It’s time for another mailbag episode, where we sit down and answer your questions about finances, investments, and retirement planning.
Rolland asks, “What rate of return should I be getting on my investments these days? I haven’t been too pleased with my accounts for the past several months.”
There are two sides to returns: how much you need for your plan to work and what your risk tolerance level is. Averages are already a tricky thing; we get a sequence based on whether markets are up and down. Just because you’ve been used to an 8% return the past decade, doesn’t mean your plan is in trouble now.
The past decade we’ve gotten used to good returns, but that’s not always how markets work. We try to build a plan based on your comfort level and your rate of return should reflect that.
Joslin says, “I have a lot of blue-chip stocks like Coke, Procter and Gamble, and GE. I’ve been told I should find different investments as I get closer to retirement. Do I have to make these changes?”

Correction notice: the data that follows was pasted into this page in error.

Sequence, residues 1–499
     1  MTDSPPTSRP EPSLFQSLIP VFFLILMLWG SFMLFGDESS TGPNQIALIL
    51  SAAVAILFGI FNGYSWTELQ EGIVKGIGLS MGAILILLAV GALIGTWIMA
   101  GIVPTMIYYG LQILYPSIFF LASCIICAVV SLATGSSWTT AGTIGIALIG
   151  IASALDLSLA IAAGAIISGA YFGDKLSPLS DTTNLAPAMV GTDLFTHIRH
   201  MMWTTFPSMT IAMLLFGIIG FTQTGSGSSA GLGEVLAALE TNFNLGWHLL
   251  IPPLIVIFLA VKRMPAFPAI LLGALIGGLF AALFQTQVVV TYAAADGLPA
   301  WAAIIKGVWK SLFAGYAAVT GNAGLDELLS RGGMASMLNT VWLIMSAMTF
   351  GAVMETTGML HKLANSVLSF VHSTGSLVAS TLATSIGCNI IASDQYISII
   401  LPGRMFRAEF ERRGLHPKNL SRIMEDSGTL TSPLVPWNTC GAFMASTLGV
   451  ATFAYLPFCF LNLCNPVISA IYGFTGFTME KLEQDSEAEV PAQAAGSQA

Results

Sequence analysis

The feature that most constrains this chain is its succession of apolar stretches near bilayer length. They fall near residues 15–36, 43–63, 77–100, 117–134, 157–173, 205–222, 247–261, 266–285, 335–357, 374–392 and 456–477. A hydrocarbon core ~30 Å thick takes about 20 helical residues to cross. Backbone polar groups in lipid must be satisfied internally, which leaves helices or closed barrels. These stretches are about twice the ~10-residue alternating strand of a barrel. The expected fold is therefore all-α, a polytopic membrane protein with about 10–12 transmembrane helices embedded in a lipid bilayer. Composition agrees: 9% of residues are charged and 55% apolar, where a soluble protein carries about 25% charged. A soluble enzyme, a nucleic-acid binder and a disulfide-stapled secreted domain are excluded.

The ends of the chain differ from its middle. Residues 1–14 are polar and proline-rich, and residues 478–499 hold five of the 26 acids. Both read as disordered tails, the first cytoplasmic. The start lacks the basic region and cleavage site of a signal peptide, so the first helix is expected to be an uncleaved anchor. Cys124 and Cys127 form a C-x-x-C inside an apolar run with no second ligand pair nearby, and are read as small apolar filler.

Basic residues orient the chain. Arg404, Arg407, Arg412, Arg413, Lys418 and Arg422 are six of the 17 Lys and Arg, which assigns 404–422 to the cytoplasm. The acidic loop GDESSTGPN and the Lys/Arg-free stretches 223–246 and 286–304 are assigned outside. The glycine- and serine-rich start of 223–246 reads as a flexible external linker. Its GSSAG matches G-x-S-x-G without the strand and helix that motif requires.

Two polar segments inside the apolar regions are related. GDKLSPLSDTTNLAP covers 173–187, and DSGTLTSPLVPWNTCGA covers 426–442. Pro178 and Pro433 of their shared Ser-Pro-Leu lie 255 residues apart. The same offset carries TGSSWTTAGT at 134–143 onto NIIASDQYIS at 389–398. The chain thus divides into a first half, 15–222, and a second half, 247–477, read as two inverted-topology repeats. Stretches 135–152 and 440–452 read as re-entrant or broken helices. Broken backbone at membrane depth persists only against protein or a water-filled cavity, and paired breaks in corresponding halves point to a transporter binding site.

This comes back to risk and your tolerance level. Having all of your money in stocks is dangerous. But they can also be good investments for the long-term. You probably don’t want to get rid of everything, however, we also want to make sure you’re diversified going into retirement.
June writes, “I’m a federal employee and I have a nice pension once I retire next year. Should I keep the money in my TSP invested there or maybe move it somewhere else?”
First of all, have a plan and understand the income you need and where you’ll draw that income from. Look at the investments and where they’ll fit. You need to have a plan first and then we can decide whether a TSP is a right fit for you.
Join us today as we break down these questions and more from our clients and listeners!
[1:29] – What rate of return should I be getting?
[5:02] – Should I move out of blue-chip stocks?
[8:22] – Should I move the money in my TSP?
[11:49] – Is it time to load up on stocks?
[16:24] – Can I make it the rest of the way without an advisor?
A Quotable Moment:
“It comes down to those two points. What do you need in the plan to make it work and then what are you comfortable with? Everyone is really comfortable with risk when everything’s going good.”